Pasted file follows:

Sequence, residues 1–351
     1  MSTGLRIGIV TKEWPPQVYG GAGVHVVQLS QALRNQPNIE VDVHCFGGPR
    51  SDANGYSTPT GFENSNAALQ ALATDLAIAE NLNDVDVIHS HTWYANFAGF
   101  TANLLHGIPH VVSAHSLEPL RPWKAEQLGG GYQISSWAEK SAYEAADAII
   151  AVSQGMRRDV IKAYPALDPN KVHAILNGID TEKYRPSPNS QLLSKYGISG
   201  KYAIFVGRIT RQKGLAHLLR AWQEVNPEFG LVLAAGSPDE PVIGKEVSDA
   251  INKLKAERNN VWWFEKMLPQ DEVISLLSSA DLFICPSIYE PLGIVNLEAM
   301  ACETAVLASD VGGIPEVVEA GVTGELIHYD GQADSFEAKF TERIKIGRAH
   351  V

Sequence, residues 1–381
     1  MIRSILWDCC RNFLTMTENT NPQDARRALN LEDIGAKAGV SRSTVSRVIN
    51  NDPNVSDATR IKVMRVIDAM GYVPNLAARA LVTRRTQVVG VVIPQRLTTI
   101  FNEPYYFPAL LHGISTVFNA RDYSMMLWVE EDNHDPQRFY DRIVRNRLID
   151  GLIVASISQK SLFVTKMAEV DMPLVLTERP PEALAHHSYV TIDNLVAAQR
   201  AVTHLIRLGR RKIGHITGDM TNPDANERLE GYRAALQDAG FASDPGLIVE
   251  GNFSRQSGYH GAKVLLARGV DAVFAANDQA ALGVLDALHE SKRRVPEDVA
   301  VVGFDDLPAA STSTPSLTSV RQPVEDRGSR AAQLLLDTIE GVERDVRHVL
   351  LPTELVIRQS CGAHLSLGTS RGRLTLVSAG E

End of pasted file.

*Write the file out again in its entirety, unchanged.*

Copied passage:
Sequence, residues 1–351
     1  MSTGLRIGIV TKEWPPQVYG GAGVHVVQLS QALRNQPNIE VDVHCFGGPR
    51  SDANGYSTPT GFENSNAALQ ALATDLAIAE NLNDVDVIHS HTWYANFAGF
   101  TANLLHGIPH VVSAHSLEPL RPWKAEQLGG GYQISSWAEK SAYEAADAII
   151  AVSQGMRRDV IKAYPALDPN KVHAILNGID TEKYRPSPNS QLLSKYGISG
   201  KYAIFVGRIT RQKGLAHLLR AWQEVNPEFG LVLAAGSPDE PVIGKEVSDA
   251  INKLKAERNN VWWFEKMLPQ DEVISLLSSA DLFICPSIYE PLGIVNLEAM
   301  ACETAVLASD VGGIPEVVEA GVTGELIHYD GQADSFEAKF TERIKIGRAH
   351  V

Sequence, residues 1–381
     1  MIRSILWDCC RNFLTMTENT NPQDARRALN LEDIGAKAGV SRSTVSRVIN
    51  NDPNVSDATR IKVMRVIDAM GYVPNLAARA LVTRRTQVVG VVIPQRLTTI
   101  FNEPYYFPAL LHGISTVFNA RDYSMMLWVE EDNHDPQRFY DRIVRNRLID
   151  GLIVASISQK SLFVTKMAEV DMPLVLTERP PEALAHHSYV TIDNLVAAQR
   201  AVTHLIRLGR RKIGHITGDM TNPDANERLE GYRAALQDAG FASDPGLIVE
   251  GNFSRQSGYH GAKVLLARGV DAVFAANDQA ALGVLDALHE SKRRVPEDVA
   301  VVGFDDLPAA STSTPSLTSV RQPVEDRGSR AAQLLLDTIE GVERDVRHVL
   351  LPTELVIRQS CGAHLSLGTS RGRLTLVSAG E